Yes it can be messy but that's the price of beauty. After making my wish last summer, I suddenly discovered 5 growing in our flower beds and 1 (unfortunately) right next to the side of our house. I have potted and given away 3, replanted 1 and will tackle the one growing next to our house tomorrow. I truly hope that I can remove it without damaging its roots because I would love to transplant this one as well.
My husband and I have lived in this house for two years and never before found mimosas growing wild in our yard until this year. None of our neighbors within 1 to 3 blocks have this tree. And I can find none in the park near our home. As I mentioned earlier, someone in the nothern end of my neighborhood has one and that is the only one I have seen in my area until last week when I found our saplings.
Birds and animals can of course spread seeds from many miles away - which is fine with me. I wished for a mimosa and got one five fold. This tree grows along I95 wild from Baltimore north to just outside NYC. I don't recall ever seeing it once getting into NYC or Connecticut but was delighted to hear that someone on this forum grew up in the Bronx and a lovely mimosa brightened their view.
I would like it if everyone could and would love this magical tree but if some cannot that's okay. Perhaps over time it will win over new generations with its charm, grace and medicinal value.
On May 9, 2011, CrispyCritter from Clayton, GA wrote:
I marked my comment as neutral as I can see the pros and cons of this tree.
This is really the one plant I can remember from early childhood. Long before I developed an interest in gardening or plants, I was fascinated with this strange other worldly looking tree. The fern like leaves and strange hairy pink flowers always caught my attention.
As an adult, am into "tropicalesque" gardening and landscaping now and have some of these Mimosas as focal points amongst the cannas, cold hardy bananas, palms, flowers I have in my yard. They are a perfect complement to this type of landscape.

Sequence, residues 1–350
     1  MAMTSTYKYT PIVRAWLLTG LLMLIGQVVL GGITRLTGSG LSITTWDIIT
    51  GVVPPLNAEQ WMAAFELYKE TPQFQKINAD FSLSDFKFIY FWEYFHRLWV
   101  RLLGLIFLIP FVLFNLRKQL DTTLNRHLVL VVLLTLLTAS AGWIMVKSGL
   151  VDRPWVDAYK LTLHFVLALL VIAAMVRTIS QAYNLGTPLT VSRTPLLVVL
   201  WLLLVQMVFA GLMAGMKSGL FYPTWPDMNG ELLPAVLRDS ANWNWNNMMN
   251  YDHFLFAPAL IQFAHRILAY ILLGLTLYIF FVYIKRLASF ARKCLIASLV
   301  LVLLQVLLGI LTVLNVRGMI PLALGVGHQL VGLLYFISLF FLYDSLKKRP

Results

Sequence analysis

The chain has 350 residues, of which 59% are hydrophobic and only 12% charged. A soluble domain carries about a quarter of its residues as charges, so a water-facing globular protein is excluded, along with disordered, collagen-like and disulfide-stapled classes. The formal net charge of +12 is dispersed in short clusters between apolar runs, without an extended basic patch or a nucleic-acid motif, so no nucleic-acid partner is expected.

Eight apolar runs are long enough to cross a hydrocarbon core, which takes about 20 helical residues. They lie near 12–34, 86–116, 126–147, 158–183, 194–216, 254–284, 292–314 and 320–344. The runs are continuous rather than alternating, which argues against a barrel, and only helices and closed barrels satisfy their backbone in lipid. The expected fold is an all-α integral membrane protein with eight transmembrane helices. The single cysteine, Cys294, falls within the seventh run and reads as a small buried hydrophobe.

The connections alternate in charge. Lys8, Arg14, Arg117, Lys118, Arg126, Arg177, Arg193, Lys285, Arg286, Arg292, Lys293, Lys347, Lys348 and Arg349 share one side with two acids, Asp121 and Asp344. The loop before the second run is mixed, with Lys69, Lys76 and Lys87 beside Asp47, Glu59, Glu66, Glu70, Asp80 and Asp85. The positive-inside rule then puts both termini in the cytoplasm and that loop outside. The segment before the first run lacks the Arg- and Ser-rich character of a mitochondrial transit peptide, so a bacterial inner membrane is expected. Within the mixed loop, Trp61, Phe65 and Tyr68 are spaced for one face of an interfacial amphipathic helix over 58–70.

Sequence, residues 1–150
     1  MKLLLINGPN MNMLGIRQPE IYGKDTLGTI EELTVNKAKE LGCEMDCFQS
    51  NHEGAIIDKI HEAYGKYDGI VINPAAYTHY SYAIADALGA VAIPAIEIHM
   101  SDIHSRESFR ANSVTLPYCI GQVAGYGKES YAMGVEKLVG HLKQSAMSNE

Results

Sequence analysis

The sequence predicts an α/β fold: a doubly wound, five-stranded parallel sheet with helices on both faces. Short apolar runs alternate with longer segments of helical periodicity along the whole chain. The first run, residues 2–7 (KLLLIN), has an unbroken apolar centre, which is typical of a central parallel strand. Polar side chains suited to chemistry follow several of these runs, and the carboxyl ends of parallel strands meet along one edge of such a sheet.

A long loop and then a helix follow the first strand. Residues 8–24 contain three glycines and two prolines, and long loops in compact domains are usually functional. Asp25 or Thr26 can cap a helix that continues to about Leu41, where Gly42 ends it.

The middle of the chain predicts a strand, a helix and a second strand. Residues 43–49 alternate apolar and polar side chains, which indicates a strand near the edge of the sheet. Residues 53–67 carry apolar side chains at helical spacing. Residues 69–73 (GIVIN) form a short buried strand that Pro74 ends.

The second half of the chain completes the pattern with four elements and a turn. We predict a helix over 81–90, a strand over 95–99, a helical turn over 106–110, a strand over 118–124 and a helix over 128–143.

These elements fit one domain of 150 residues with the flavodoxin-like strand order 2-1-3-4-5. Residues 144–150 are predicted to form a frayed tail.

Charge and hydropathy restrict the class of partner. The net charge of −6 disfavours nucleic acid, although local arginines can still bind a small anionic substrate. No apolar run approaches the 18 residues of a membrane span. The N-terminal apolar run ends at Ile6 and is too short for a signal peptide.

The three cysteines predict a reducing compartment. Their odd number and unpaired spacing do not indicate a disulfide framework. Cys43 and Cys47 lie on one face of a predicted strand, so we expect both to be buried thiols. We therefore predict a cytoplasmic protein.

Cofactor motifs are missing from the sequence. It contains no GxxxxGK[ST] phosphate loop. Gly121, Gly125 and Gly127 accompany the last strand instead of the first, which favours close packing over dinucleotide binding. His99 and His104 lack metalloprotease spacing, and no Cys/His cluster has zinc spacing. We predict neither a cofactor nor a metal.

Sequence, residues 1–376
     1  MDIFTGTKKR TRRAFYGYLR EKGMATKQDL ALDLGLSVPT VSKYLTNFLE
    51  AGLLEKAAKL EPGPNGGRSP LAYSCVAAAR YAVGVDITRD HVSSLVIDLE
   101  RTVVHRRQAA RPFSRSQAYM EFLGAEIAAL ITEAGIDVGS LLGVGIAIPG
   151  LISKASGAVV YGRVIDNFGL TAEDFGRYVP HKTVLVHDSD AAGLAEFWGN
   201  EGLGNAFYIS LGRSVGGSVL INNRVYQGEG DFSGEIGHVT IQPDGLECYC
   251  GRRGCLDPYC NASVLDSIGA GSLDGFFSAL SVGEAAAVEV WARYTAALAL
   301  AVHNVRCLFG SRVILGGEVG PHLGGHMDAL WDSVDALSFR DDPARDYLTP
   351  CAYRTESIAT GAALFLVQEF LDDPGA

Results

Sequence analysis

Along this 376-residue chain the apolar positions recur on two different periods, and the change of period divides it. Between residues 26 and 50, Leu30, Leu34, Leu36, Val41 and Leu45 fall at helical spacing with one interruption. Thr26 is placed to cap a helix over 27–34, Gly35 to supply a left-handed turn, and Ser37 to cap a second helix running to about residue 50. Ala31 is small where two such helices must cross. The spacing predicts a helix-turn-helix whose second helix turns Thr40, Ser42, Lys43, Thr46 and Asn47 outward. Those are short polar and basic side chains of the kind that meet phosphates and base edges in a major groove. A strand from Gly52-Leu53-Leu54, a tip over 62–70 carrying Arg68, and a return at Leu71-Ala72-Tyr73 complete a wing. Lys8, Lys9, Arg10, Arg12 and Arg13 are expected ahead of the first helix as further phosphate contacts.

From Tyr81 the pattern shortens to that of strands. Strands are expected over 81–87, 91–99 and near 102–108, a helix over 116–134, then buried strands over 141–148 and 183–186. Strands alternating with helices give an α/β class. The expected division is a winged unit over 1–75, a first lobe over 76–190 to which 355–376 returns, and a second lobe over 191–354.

On the OTHER HAND though, there is no doubt that this plant can be quite invasive if unchecked. I lived on a large old farm in the same area here in the North Georgia mountains and there were hundreds of mimosas. The friend that owned the property hated them and would ruthlessly attack, chop down, and burn as many as he could each year. He never made a dent in the population.
Some of them could grow 6 feet in one summer.
The wood is brittle and there were numerous trees with cracked trunks and mold problems on this farm..
I plan to keep close attention on the 3 or so medium to large mimosas I have on my own property and keeping them managed so that they don't get out of hand like on my friend's property.
Silk trees are the ultimate option to give beauty and charm to your office or home setting. The prime advantage of silk trees is they don't need any good care, watering, or trimming, and give a re-energizing green touch to your rooms without drawing insects and other pests. Silk trees are now available in a selection of colors and shapes.
On Mar 30, 2011, mimosa12 from East Providence, RI wrote:
first lightning hit it so it grew double trunks, then ants ate it causing one half to fall on my house I .had it removed and stump grinded and I am still pulling on little trees every summer a.nd probably will still be at age 80 or when hell freezes over. The seeds were so light they now have the trees on the next two streets over and I even saw one growing out of a sewer drain. They also liked to grow close to my fondation wall caus
ing damage to the skimmed wall and I had to repair it. Yes they are pretty but I prefer to look at them from a distance
On Nov 1, 2010, sleeknight from San Antonio, TX wrote:
I recently moved to San Antonio Texas and wanted one of these trees since I had several in Houston. I had a lot of trouble finding one but finally found one left in a nursery here. The poor thing was half out of its pot and very dry but the nursery assured me they would refund my money if it did not grow. I bought it in April of this year. Well its now November and it has done beautifully. Its kinda dry here and have to water a lot, but it is doing great. I am a little worried if it will make it through the winter. I plan to mulch it and cover it if it really freezes here. The leaves are now dropping, but according to comments, this is natural for this time of year. Hope it makes it through winter as I am looking forward to a bloom next summer.